Update: The Times of Israel reports that Resling Publications has pulled Horeya from shelves in the wake of the growing controversy around the publication of not only the stories without permission, but also the cover image, which is the (uncredited) work of Lebanese cartoonist Hasan Bleibel.
Earlier this month, activists, scholars, and authors began circulating the news that the Israeli publisher Resling had published an “Arab Spring” anthology of stories by Arab women writers, edited and translated by Dr. Alon Fragman, without obtaining translation or publication rights from most of the writers:
Most only discovered the existence of the collection — titled Freedom (חוריה حُرِّيَّة) — when news began circulating on academic listservs, Facebook, and media reports. A number posted statements on Facebook stating that they had not given permission, nor had any knowledge, of the collection.
Neither the publisher nor Fragman replied to inquiries. According to author Najla Said, whose work was included in the anthology, they replied to her agents saying they were looking into the matter.
However, Hyperallergic translated comments from Resling’s chief editor, Idan Zivoni, that were made at the book’s soft launch last May; the statement is on its face outrageous:
This entire story of translation is an issue by itself especially when it’s from Arabic. It’s a different kind of category. When you translate from English, you deal with norms, you have a subject and you ask for rights. We as a publisher do it all the time, and we never publish foreign works without permission. It’s different in the Arab countries, where there are no publishers. Some of these countries have no ties with us [Israel], so there’s no one to contact. In that respect, a symmetry exists. Books by Resling were translated and published there without permission as well…Here we’re not even talking about books, but short stories. In many cases, the writers wouldn’t even be practically allowed give us their permission. These women are putting a call out to the world. This is literature written in body and blood, for some of them it’s a [sic] SOS signal which reaches us thanks to technology….so that we can use it to save lives. Who will hear the cries of these women? In the past, these women could cry out in their kitchen…or in the field, heard only by god maybe? Now somebody is taking these cries, translates them and voices [sic] them here in Israel… It’s important to us that the voices of these women are heard…We take it as their salvation.
Activist Khulud Khamis reported the book, however, had been taken down off their website after protest.
Although there have certainly been instances where Israeli publishers have stolen work by Arab artists in the past, according to translation editor Tami Chapnik, a participant in the Van Leer Forum of Arabic–Hebrew Translators, it is no longer typical, and “Publishing houses today respect authors rights and pay royalties.” She noted Yael Lerer’s Andalus publishing house, where Arabic translations into Hebrew were published with full authorial consent.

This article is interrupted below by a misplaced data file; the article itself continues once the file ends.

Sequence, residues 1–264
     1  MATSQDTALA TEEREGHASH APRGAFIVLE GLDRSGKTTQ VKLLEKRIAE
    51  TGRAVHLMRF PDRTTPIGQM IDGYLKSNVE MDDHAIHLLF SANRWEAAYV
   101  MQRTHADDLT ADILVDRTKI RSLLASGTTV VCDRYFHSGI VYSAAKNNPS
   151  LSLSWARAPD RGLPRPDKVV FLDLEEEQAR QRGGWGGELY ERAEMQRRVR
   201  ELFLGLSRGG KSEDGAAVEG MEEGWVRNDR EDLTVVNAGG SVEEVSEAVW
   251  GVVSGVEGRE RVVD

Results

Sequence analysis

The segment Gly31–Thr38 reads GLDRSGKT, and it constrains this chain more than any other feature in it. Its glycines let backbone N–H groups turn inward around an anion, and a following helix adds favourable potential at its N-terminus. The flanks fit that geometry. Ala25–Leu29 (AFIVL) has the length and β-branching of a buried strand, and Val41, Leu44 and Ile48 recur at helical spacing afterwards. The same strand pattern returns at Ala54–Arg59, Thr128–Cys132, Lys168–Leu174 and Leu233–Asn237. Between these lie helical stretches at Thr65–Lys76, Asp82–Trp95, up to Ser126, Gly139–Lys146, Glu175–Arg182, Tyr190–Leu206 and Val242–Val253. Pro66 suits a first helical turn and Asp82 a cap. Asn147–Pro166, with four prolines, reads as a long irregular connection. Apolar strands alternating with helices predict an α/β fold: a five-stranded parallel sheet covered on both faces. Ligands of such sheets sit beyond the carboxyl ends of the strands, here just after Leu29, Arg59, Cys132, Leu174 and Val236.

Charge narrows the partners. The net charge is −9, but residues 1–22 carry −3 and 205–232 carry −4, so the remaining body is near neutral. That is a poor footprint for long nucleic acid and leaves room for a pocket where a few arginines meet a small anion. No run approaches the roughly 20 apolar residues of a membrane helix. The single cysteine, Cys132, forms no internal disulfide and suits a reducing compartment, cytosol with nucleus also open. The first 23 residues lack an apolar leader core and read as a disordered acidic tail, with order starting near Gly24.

This comes at a time when Janan Bsoul reports, “The Forum for Regional Thinking,” that there has been a greater openness, by some Arab authors, to being published in Hebrew translation and creating ties with Israeli leftists, possibly helping the cause of Palestinian freedom. However, theft of work — and such a ridiculous assertion of the reasons why — would certainly undermine such possible connections.
Although at least one author expressed interest in suing the publisher, she did not have the thousands of dollars to pursue it.
Novelist and activist Khulud Khamis posted a list of the authors on Facebook:
Intissar Abdul Monaem إنتصار عبدالمنعم (Egypt)
Souad Mahmoud El-Ameen سعاد محمود الأمين (Sudanese, living in Qatar)
Rehab Muhammad Ali El-Basiuny. رحاب محمد علي البسيوني (Egypt)
Nawal El-Ghanam نوال الغنم (Morocco)
Farh El-Tunisi فرح التونسي (Tunisia)
Najwa Ben Shatwan الكاتبة نجوى بن شتوان (Lybia, living in Italy)
Fatma El-Zahra’a Ahmad فاطمة الزهراء أحمد (Somalia)
Rahma Shukri رحمة شكري (Somalia, living in Kenya)
Latifa Baka لطيفة باقا (Morocco)
Fatma Buzian فاطمة بوزيان (Morocco)
الكاتبة سندس جمال الحسيني – Sondos Gamal Elhosseny (Egypt)
Janat Boumangel جنات بومنجل (Algeria)
Badriya Ali بدرية علي (Sudan)
Lutfiya Abdallah لطفية عبدالله (unknown)
Shahinaz Fawaz شاهيناز فواز (Egypt)
Suad Suleiman سعاد سليمان (Egypt)
Nabahat E-Zeen نبهات الزين (Algeria)
Fatma Hammad فاطمة حماد (Egypt)
Dua’a Abed E-Rahman دعاء عبد الرحمن (Egypt)
Ahlam Mosteghanemi أحلام مستغانمي (Algeria)
Mona Bishlem منى بلشم (Algeria)
Sajeda Abdallah Ibrahim ساجدة عبد الله إبراهيم (Bahrain)
Sharifa El-Toubi شريفة التوبي (Oman)
Zalikha Jousef زليخة يوسف (United Arab Emirates)
Rafah El-Seif رفاه السيف (Saudi Arabia)
Fatma El-Husni فاطمة الحسني (United Arab Emirates)
Zainab Ahmad Hifni زينب أحمد حفني (Saudi Arabia)
Intisar El-Sari إنتصار السري (Yemen)
Hala Touma هالة طعمة(Jordan)
Hayma’a El-Mufti هيماء المفتي (Syria)
Ibtisam Shakush إبتسام شاكوش (Syria)
Litha El-Hamoud لذة الحمود (Kuwait)
Buthaina El-Issa بثينة العيسى (Kuwait)
Mayyada El-Ani ميادة العاني (Iraq)
Hanan Bairouty حنان بيروتي (Jordan)
Najla Said نجلة سعيد (Palestine living in the USA)
Montaha El-Eidani منتهى العيداني (Iraq)
Sana’a El-Sha’alan سناء الشعلان (Jordan)
Haifa Bitar هيفاء بيطار (Syria)
Haifa Jousef Ajeeb هيفاء يوسف عجيب (Syria)
Salwa El-Banna سلوى البنا (Palestine)
Fawz El-Kilabi فوز الكلابي (Iraq)
Asma’a Mohammad Mostafa أسماء محمد مصطفى (Iraq)
Madonna Askar مادونا عسكر (Lebanon)